A developmental milestone in children learning math is the ability to count money. The hardest concept appears to be that a quarter is worth 25 pennies. After the child knows the value of a penny, nickel, dime, quarter, half a dollar and a dollar, the next step is for them to use their addition and subtraction skills to buy and sell and receive the correct change. Be patient and develop this skill until the child can do so accurately and consistently. Involve the child in making simple purchases at a convenience store.
For intellectually disabled or intellectually challenged children, you can have a family store. Prices at first can be set very simple like 10 cents, 50 cents and a dollar. Parents can give children money to buy foods or treats and give correct change. Then the prices can change to make it a little harder. Do this until they are able to go to a store and purchase items on their own.
After children can count money, another developmental milestone is fractions. This can be taught with food as well. Everyone should be familiar with using pies to teach fractions. The same think could be done with sandwiches (e.g., 1/2 sandwich, 1/4 of a sandwich, etc). Incorporate fractions in your regular day to day living activities. Once the child understands the concept of fractions and can add sandwich parts or subtract sandwich parts, then do the same thing on paper. Instead of using sandwiches, use symbolic representations of numbers and math signs.
Another developmental milestone is the use of memory in the multiplication tables. Use the technique described in memory section to develop a knowledge of the multiplication tables.
As neuro-development has proceeded to this point, most children will be able to learn from regular math instruction. The only ones that will not will be those lacking in sequential memory. See the exercise on sequential memory for children having difficulty doing long division and/or algebra.
These are the steps to advance a child who is intellectually challenged or a person who has brain damage to learn math. Remember to include balance exercises, memory exercises and mental processing exercises that will raise overall IQ. Make sure that developmental vision problems are checked and if necessary remediated as well. The following sections will also be helpful to intellectually challenged individuals as well as participants who have suffered from brian injury that has effected their ability to do math.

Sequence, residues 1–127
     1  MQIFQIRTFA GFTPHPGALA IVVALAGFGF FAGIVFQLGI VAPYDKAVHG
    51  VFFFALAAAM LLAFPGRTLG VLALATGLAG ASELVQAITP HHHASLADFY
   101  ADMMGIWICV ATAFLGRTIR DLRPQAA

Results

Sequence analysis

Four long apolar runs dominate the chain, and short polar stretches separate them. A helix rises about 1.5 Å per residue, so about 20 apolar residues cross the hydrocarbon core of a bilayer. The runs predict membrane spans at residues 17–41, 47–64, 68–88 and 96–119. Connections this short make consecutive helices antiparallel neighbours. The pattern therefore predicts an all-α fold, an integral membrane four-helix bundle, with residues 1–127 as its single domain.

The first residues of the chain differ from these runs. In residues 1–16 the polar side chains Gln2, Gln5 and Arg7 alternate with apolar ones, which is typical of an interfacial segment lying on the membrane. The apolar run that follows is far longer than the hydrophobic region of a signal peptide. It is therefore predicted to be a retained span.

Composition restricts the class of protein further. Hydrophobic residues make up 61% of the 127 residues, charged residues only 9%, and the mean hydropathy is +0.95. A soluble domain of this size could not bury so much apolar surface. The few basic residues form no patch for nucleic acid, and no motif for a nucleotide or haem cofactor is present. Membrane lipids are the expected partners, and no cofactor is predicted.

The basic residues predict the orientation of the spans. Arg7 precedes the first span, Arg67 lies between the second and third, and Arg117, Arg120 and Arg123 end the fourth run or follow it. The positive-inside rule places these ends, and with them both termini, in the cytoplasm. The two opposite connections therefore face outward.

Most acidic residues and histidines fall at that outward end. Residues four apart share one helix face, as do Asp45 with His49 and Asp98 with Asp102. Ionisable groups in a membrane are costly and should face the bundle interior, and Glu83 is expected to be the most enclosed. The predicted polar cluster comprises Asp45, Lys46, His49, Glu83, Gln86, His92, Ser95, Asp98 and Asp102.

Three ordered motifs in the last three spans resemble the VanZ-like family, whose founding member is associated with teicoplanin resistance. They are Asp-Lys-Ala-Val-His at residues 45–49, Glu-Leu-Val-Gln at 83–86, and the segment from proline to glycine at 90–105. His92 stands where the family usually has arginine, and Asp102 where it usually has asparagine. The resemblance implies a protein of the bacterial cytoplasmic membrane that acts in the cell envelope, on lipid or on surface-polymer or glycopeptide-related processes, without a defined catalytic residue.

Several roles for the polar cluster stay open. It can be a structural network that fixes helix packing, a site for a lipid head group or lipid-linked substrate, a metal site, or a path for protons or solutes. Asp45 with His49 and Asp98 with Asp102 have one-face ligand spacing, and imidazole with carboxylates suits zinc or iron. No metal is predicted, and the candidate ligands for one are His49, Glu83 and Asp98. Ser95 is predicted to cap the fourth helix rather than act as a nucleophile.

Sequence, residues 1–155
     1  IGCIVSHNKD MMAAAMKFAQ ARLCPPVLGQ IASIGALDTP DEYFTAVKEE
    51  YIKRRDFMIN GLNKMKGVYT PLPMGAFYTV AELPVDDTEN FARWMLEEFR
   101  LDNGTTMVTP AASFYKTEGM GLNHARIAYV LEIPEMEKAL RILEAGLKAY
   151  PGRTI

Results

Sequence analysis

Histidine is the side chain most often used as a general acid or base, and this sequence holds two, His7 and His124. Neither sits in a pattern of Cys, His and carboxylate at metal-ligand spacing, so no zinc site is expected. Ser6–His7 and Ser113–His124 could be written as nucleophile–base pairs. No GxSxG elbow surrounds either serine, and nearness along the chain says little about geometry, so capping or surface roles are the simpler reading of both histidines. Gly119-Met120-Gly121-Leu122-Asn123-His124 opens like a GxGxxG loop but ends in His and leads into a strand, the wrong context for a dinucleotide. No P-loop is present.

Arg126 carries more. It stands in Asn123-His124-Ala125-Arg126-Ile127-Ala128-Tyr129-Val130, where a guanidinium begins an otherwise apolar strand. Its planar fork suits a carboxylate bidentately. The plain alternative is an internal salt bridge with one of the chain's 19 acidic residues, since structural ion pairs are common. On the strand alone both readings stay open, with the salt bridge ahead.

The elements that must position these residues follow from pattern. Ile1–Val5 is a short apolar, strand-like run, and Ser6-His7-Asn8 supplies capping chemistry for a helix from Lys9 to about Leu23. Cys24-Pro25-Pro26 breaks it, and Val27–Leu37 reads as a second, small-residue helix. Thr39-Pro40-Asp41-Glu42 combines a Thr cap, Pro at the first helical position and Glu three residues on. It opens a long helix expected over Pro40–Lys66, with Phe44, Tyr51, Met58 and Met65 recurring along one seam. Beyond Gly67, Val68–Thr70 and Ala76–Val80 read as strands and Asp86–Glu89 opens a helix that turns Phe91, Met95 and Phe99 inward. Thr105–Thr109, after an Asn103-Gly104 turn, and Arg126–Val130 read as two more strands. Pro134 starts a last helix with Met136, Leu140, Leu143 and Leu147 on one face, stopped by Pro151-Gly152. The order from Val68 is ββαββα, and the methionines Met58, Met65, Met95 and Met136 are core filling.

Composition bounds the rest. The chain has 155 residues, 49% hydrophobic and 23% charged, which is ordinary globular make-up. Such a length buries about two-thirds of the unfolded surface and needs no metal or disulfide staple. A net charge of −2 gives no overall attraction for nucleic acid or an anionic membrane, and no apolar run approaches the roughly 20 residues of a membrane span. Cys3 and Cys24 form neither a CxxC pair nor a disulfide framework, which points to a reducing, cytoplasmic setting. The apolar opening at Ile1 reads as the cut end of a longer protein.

There are some children who do well at math until they come to math word problems. These are usually children with marginal reading abilities. It is usually a comprehension problem. One component of comprehension is being able to understand terms such as on top of, underneath, on, beside. In a similar way, these children have a difficult time understanding words such as minus, take away, add, more, bought, gave back, etc. To remediate these problems, we suggest reviewing the section on reading and follow the guidelines for comprehension.
Another remedial exercise is to pick apart the word problem and have the student translate the words into symbolic form (numbers and +, or -, or =) as you do this, you will notice which concepts are the most difficult for the participant to grasp. You can use this concept several times a day in multiple ways until the child has grasped that concept. Don't be discouraged if the child is able to grasp the concept and use it one day and then forget it the next. This is part of neuro-development and just means that a couple more weeks of staying with that concept is necessary until the brain changes in structure so that it can grasp the concept. Doing balance work and rebound exercises will usually speed up this process. Neuro-development requires much persistence and much patience but participants generally see significant changes within 30 days. Once a child grasps permanently the concept, then similar concepts will be easier for the child to learn. Stay with one concept until mastered and then start on another concept. Do not do too many concepts at one time.
Poor Math Facts Ability
Usually a teacher will assess and inform a parent when a child has trouble with basic math facts. This is when a child has trouble with learning addition and subtraction or unable to remember the math tables. Some children can add and subtract but they take too long to do it so they perform poorly on timed math tests.